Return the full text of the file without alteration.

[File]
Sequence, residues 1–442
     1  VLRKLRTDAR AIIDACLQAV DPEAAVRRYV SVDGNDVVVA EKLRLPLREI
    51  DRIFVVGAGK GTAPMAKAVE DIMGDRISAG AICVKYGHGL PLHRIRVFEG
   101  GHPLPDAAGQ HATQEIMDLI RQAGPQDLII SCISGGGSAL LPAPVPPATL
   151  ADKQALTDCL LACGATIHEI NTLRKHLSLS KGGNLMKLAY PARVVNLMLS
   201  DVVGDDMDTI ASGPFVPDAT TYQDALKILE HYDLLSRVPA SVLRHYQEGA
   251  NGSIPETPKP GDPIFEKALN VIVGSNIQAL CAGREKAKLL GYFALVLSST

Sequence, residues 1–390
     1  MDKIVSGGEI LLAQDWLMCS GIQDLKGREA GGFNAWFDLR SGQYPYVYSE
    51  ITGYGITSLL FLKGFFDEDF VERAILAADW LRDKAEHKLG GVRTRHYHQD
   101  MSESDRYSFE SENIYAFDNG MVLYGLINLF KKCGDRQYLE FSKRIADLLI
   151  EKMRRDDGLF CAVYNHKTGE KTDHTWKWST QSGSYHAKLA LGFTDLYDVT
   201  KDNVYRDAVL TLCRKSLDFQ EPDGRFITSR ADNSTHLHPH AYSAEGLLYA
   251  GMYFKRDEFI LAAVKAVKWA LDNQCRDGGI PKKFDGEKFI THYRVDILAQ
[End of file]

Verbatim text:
Sequence, residues 1–442
     1  VLRKLRTDAR AIIDACLQAV DPEAAVRRYV SVDGNDVVVA EKLRLPLREI
    51  DRIFVVGAGK GTAPMAKAVE DIMGDRISAG AICVKYGHGL PLHRIRVFEG
   101  GHPLPDAAGQ HATQEIMDLI RQAGPQDLII SCISGGGSAL LPAPVPPATL
   151  ADKQALTDCL LACGATIHEI NTLRKHLSLS KGGNLMKLAY PARVVNLMLS
   201  DVVGDDMDTI ASGPFVPDAT TYQDALKILE HYDLLSRVPA SVLRHYQEGA
   251  NGSIPETPKP GDPIFEKALN VIVGSNIQAL CAGREKAKLL GYFALVLSST

Sequence, residues 1–390
     1  MDKIVSGGEI LLAQDWLMCS GIQDLKGREA GGFNAWFDLR SGQYPYVYSE
    51  ITGYGITSLL FLKGFFDEDF VERAILAADW LRDKAEHKLG GVRTRHYHQD
   101  MSESDRYSFE SENIYAFDNG MVLYGLINLF KKCGDRQYLE FSKRIADLLI
   151  EKMRRDDGLF CAVYNHKTGE KTDHTWKWST QSGSYHAKLA LGFTDLYDVT
   201  KDNVYRDAVL TLCRKSLDFQ EPDGRFITSR ADNSTHLHPH AYSAEGLLYA
   251  GMYFKRDEFI LAAVKAVKWA LDNQCRDGGI PKKFDGEKFI THYRVDILAQ